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Genotypes and Phenotypes: Why We Have Bipolar Disorder

Posted on June 25, 2015 in Bipolar Disorder Genes

square901There’s a mystery in the genetics report that I received from 23 and me and ran though the Promethease analysis engine: I have multiple genes that predispose me to lupus. I don’t have lupus but an uncle of mine did. It also says that I could develop multiple sclerosis and that I am at risk for childhood leukemia (I dodged that bullet.) My risk for bipolar disorder is only average. It also says that I am tall (true — I am 6′ 6 1/2″), probably have brown eyes, that risperidone works well for me, and have a tendency towards diabetes and obesity — right on all counts, though I am working to reduce my weight. All these things are in my genes. How is it that I show some of the predicted traits and not others?

Some might jump to the conclusion that genetics just gets these things wrong. No, the genes are there for certain. I am prone to lupus and MS. I could have had childhood leukemia. So why didn’t I if genes are the code that determines what I am? Why do I have bipolar disorder?

You must understand two related concepts: that of the genotype and the phenotype. The genotype is what is in our genes. Think of it as a data bank which the body uses when it constructs us, a series of rules that it follows when life happens to us. Back in the day, we used to have endless debates about whether it was “nature” or “nurture”. One side insisted that we were automatons determined by our genes. The other side said that we were wholly created by our environment, that culture and early childhood experiences shaped us around a blank slate. I remember — I was the moderate then as always — asking “Why can’t it be both?” Today most genetic, medical, and social scientists agree with me. We are not merely the sum of our genes or our experiences: the result is the phenotype, the combined expression of these two natural forces.

The automaton that is our genes reacts to everything that happens to us in our lives. Each of us have different histories. Some of them are the choices we make. Others are things that happen to us. Two people with the same genes will not necessarily exhibit the same traits. There are twin studies that have shown that one twin can develop schizophrenia while the other doesn’t. New research credits stress as an environmental factor that can predispose one to mental illness, for example: one twin might have been bullied or farmed out to an abusive foster home where the other was raised under more fortunate circumstances. (Many outspoken advocates for the AOT movement deny the environment — they reject the concept of the phenotype. Likewise, many antipsychiatrists deny the genetic angle. They, too, deny the phenotype.)

Why the hell did I end up with bipolar disorder? I think many things probably contributed including stress in my childhood and smoking marijuana. The one was a series of events over which I had little if any control. The other was a choice that I made, albeit under peer pressure and enticement, but still a choice. Other things might have happened, too.

But how does this work?

The best metaphor that I have heard came from a genetic counselor at a DBSA Convention in Indianapolis a few years ago. Imagine a beaker. At the bottom of this beaker put a few balls. We’ll color them blue. These represent your genetic inheritance. Now these alone won’t cause the symptoms of bipolar disorder. Start dropping in some orange balls. Each of these represents a degree of environmental pressure. As long as these don’t cause the beaker of balls to overflow, the symptoms won’t be expressed. When the beaker overflows, your bipolar disorder rears its ugly head. Here’s the rub: some people have only a few blue balls (everyone has some in this case) and some people have a lot of blue balls. So either it takes a lot of orange balls or not many at all. Some people have a very strong disposition towards bipolar disorder so it doesn’t take many orange balls at all to push them over the edge. Others, like me, show the symptoms because we have come under a lot of pressure from various factors — in my case a combination that I only partially understand.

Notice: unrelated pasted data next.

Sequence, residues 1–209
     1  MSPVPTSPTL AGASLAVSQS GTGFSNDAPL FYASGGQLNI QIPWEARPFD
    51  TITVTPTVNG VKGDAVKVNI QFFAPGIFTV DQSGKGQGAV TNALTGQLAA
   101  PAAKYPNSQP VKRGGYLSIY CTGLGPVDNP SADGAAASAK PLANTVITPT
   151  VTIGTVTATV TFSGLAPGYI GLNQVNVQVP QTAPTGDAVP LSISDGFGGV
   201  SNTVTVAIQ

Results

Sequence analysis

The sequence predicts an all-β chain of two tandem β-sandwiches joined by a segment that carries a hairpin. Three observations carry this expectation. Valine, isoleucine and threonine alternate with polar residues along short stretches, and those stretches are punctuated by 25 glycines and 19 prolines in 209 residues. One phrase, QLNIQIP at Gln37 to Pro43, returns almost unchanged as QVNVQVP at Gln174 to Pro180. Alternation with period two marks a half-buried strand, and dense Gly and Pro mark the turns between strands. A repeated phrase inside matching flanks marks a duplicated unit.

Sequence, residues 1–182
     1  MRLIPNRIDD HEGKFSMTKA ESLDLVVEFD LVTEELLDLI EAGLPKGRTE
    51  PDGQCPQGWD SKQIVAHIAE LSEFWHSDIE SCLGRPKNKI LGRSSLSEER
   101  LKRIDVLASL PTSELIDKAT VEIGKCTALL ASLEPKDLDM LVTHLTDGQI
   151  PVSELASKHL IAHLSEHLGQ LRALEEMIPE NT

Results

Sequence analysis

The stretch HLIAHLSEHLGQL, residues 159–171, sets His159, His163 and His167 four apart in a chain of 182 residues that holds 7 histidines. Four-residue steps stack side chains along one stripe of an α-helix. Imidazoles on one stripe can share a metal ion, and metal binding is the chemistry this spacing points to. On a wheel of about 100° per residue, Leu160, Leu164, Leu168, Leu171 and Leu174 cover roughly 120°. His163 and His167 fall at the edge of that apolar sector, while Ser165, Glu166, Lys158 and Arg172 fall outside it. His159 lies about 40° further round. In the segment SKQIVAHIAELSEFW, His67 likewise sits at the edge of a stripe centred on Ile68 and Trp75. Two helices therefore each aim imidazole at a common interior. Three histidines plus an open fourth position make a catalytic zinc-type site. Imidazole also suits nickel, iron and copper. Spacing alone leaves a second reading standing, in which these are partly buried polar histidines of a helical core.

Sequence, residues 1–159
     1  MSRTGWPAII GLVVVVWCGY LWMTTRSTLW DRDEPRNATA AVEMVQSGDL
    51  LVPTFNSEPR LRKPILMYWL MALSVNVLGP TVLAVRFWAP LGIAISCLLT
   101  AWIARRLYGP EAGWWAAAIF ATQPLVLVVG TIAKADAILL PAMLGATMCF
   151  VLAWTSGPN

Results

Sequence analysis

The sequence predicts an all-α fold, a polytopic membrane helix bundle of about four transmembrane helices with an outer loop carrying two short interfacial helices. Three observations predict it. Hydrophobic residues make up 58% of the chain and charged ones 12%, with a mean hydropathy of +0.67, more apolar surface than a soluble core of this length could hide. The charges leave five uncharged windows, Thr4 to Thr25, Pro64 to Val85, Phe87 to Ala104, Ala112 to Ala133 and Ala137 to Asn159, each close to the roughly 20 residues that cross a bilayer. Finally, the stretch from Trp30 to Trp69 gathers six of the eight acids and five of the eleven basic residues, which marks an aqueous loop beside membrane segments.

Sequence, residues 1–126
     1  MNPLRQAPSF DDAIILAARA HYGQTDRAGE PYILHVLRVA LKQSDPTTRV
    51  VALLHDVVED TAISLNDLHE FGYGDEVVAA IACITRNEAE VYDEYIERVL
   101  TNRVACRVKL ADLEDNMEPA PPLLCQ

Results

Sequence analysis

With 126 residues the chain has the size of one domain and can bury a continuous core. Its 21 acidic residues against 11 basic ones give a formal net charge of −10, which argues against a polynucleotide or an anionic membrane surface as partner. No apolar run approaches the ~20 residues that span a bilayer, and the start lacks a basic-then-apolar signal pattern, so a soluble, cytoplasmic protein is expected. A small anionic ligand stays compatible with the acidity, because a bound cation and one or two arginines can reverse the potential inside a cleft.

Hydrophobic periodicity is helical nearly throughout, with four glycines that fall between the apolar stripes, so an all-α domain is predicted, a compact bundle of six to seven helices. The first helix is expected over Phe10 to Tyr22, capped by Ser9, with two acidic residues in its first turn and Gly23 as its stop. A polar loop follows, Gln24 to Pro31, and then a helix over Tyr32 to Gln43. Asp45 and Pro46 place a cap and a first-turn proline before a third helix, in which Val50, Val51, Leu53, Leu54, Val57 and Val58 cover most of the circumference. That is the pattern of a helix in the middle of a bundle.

Incidentally, the same uncle who developed lupus was the shortest man in a family of tall men. He had had rickets as a child.

So why don’t I have lupus or MS? Because orange balls don’t work for every disease: each has its own special set of risk factors. I was lucky as a child because I didn’t accumulate the kinds of environmental stimulants to cause me to develop childhood leukemia. So far, I haven’t developed enough of the risk factors for lupus or MS to trigger those diseases.

The moral of this story is that you are not damned by your genes. They are not a curse, they are not predestination. They are merely a blueprint that the blind engineer called Life can follow or ignore according to circumstances.

You might want to know the risk factors for lupus. Lupus is overwhelmingly a problem for women — more than 90% of the cases occur in females. Being of child-bearing age is another risk factor, so it turns up in most people between the ages of 18 and 44. If you are African American, Asian, Latino, Native American, or a Pacific Islander, you are more predisposed to lupus than if you are white. Finally, if you have a relative with lupus, there is a 5 to 13% chance that you will develop it, too. Children of lupus patients have only a 5% probability for having it, too.

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